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Sermon for the Eighth Sunday after Trinity

2nd Aug 2020


Sermon for Trinity 8 Year A

 

The God who gives himself for us and who feeds us…

 

In Matthew's account of the feeding of the multitude, Jesus is moved with compassion to heal the people (v. 14). In Mark’s he is moved to teach them (Mark 6:34). Both aspects are important and interrelated. The Lord loves us and wants to heal us and to realise his loving presence in us. This he does supremely in the Eucharist. He feeds and teaches us at the altar of Christ’s love. We cannot grow spiritually unless we are being taught - through the Word of God and through the teaching of the Church. In the Eucharist the Lord also feeds us with his own body and blood, healing us and giving us new strength. It’s marvellous that this morning this text comes to us as we come to receive the sacrament of the eucharist for the first time in months.

 

The monastery and church at Tabgha on the shores of Lake Galilee, the site of the Feeding of the multitude,  was destroyed in the 7th century, probably during the Arab conquest of the country, and then buried beneath a thick layer of silt and stones. In the 1980s, after excavation, the church was restored, incorporating portions of the original mosaics. A woman pilgrim named Egeria in the year 380 wrote about the Tabgha Chapel and of the wonder that its site on the banks of the river Galilee manifested in the pilgrims of her day…

 

In the same place (not far from Capernaum) facing the Sea of Galilee is a well watered land in which lush grasses grow, with numerous trees and palms. Nearby are seven springs which provide abundant water. In this fruitful garden Jesus fed five thousand people with five loaves of bread and two fish. The stone upon which the Master placed the bread became an altar. The many pilgrims to the site broke off pieces of it as a cure for their ailments.

 

From the very beginning of the Church’s history even before Egeria, in fact from the first century onwards, the early church saw itself as a Eucharistic community – that is to say a community which was united with Christ in the Eucharistic meal. To be a eucharistic community was to draw sustenance from the one source, Jesus Christ, and to receive the bread and wine which was his body and blood. This powerful identification tells us that the church was distinctive and like no other community of faith. It was passionate for Christ, obedient to his word and faithful in to the Christian calling.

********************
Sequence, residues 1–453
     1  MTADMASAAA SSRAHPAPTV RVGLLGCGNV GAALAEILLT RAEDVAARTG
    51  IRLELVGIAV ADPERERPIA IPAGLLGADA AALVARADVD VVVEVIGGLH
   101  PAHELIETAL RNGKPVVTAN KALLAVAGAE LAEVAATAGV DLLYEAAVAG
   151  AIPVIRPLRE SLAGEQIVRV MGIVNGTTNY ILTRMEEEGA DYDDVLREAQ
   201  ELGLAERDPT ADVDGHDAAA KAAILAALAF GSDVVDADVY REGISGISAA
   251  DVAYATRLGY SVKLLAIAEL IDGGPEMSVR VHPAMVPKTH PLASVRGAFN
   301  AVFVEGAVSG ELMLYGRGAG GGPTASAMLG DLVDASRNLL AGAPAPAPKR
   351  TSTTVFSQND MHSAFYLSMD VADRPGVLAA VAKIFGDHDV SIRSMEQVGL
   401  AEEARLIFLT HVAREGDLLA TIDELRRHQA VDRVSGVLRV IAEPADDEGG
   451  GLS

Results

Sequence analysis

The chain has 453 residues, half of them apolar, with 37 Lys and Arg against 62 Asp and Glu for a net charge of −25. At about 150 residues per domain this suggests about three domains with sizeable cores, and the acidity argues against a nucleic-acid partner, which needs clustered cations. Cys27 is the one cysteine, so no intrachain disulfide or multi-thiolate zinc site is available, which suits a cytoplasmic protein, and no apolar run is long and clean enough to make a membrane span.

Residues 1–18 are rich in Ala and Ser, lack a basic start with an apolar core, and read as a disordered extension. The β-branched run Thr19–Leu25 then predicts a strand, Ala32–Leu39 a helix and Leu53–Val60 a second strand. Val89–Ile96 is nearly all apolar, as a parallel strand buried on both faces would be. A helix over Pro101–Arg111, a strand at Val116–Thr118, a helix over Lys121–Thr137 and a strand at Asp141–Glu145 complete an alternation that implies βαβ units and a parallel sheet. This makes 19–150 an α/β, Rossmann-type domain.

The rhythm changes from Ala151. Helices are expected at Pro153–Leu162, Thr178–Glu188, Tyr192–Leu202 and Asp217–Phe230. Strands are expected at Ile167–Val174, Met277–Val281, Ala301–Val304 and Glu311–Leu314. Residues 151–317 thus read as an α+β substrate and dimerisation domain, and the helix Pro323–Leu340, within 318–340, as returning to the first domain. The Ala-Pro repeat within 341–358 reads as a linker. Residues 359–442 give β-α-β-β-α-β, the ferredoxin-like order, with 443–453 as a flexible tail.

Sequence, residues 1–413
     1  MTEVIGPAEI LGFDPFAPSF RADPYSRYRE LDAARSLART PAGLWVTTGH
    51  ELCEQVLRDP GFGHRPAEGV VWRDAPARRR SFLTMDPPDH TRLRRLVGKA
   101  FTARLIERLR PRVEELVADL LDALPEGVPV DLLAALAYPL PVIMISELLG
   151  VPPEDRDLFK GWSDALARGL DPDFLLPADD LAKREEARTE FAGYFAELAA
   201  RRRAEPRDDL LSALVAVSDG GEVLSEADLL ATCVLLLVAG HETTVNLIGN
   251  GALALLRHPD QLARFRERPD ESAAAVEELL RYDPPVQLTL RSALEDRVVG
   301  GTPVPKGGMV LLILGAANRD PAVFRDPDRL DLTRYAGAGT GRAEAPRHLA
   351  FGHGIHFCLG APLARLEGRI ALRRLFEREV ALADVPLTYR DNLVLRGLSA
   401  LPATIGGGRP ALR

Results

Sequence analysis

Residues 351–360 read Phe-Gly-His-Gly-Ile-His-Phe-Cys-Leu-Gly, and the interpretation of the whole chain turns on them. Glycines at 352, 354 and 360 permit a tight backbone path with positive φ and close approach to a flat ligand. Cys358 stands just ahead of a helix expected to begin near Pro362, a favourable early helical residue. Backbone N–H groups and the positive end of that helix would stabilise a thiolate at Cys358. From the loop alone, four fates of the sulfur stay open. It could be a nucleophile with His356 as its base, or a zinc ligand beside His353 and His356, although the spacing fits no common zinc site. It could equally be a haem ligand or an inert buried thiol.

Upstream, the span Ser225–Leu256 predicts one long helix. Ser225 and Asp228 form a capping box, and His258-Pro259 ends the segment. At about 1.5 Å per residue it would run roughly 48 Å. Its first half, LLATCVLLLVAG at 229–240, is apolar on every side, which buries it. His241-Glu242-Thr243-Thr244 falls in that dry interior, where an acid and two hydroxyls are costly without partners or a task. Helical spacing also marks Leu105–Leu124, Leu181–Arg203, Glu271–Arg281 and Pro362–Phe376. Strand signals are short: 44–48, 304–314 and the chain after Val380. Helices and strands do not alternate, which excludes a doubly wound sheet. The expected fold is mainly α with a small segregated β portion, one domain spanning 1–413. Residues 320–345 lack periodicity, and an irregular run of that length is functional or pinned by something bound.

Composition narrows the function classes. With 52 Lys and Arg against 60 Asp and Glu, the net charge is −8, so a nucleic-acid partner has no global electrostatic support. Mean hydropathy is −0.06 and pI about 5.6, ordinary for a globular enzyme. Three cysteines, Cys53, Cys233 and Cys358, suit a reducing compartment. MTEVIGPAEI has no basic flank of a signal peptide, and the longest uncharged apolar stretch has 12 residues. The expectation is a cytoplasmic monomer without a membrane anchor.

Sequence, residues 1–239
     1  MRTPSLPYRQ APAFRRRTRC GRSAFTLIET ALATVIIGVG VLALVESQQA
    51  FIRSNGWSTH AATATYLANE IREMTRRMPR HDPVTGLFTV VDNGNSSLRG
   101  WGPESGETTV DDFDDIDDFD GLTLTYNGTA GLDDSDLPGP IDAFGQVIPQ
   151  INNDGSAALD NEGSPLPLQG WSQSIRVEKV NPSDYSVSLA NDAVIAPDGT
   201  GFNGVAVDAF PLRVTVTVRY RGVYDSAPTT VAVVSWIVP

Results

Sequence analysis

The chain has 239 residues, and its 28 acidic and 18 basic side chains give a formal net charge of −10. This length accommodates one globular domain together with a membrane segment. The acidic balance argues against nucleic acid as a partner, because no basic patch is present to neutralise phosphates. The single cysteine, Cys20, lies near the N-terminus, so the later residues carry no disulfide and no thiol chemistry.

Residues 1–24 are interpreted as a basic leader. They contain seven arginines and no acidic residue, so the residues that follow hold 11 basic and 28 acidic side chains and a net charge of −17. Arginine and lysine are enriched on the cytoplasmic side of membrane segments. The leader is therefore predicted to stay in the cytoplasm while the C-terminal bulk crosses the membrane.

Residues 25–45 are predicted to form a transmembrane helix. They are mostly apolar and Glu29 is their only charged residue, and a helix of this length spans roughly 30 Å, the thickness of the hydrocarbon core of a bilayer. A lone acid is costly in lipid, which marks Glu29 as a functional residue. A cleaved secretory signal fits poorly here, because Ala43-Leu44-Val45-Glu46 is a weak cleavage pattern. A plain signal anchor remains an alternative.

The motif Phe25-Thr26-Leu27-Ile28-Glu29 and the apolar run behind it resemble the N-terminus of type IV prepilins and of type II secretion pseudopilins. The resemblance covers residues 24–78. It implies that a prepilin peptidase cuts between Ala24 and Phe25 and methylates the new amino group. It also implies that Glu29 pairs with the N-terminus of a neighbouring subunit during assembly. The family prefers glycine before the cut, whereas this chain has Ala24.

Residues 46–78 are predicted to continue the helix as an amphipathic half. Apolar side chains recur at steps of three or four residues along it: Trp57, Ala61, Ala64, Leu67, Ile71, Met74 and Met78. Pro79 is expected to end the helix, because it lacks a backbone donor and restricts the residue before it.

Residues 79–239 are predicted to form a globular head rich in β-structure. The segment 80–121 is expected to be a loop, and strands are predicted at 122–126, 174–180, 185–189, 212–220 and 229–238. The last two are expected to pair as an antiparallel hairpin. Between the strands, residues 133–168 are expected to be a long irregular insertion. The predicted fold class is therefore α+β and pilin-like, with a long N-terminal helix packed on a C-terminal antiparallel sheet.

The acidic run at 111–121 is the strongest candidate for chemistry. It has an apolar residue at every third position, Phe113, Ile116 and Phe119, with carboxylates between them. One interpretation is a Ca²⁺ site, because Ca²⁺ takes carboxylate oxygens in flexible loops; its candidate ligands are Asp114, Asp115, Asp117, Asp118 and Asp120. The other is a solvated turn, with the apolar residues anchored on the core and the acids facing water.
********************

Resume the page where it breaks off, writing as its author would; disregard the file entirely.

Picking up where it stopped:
St Paul,  in prison and at the point martyrdom, delivers up a poignant and powerful cry for the God who remains present to us and for us at all times and in all places

 

 

If we have died with him, we will also live with him;

if we endure, we will also reign with him;

if we deny him, he also will deny us;

if we are faithless, he remains faithful—

for he cannot deny himself.

 

(2 Timothy 2.8-13). 

 

 

Written only decades after the death of Christ, we are given some sense of the intensity in which the faith of Christ was upheld from earliest times. Another passage from the earliest Christian work The Didache offers a Eucharistic prayer which is vivid and bristling with confidence:

 

As grain that was scattered on the hillside was gathered together and made into one loaf, so too, we, your people, scattered throughout the world, are gathered together around your table and become one. As grapes grown in the field are gathered together and pressed into wine, so too are we drawn together and pressed by our times to share a common lot and are transformed into your life-blood for all. So let us prepare to eat and drink as Jesus taught us: inviting the stranger to our table and welcoming the poor. May their absence serve to remind us of the divisions this sacrament seeks to heal, and may their presence help transform us in the body of Christ we share. Amen  

 

The Didache    90 AD

 

I once knew a woman who had lost her son. He had committed suicide. She was beside herself with grief. She herself was a devout churchwoman and made her grief worse. She was in a state of great confusion. She felt the expectation that she should be able to bear all these things as befitted her well-known status as ‘a pillar of the Church’ and a proper Christian. But this could not be the case. People kept on asking her about how she felt. In her grief there was to be ready-made set of consolations. But at a crucial point, early on in her grieving, her Vicar, whom she had known for many years, arrived at her home one day while she was out shopping. He left on her doorstep a beef casserole which he had taken hours to make, and with it a small message.

 

That woman recalled to her Vicar many months later that it was that gift, of the casserole dish with its food waiting on her doorstep, which spoke louder than words could at that time, and remained for her human and memorable. Its kindliness stood for that sharing of loves, that staple diet, informed by the Word of God and of his teaching, which blesses and gives hope. It is the grace for loving, which is the gift of God to the one who, within the Eucharistic community, has truly become what they have received in Christ…. A small act of human kindness may contain within it the seeds of great healing for others and a greater good for our world. We may not know, we cannot tell what graces are given as our bread is cast among the waters shared among and within our common lot. The Eucharist in action. God in Christ nourishes us in all goodness...